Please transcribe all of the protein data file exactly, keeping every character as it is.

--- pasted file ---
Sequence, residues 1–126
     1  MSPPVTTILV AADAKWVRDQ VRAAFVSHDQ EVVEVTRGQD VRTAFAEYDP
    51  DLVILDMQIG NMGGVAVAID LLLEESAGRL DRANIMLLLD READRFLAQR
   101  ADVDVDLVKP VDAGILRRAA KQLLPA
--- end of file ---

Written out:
Sequence, residues 1–126
     1  MSPPVTTILV AADAKWVRDQ VRAAFVSHDQ EVVEVTRGQD VRTAFAEYDP
    51  DLVILDMQIG NMGGVAVAID LLLEESAGRL DRANIMLLLD READRFLAQR
   101  ADVDVDLVKP VDAGILRRAA KQLLPA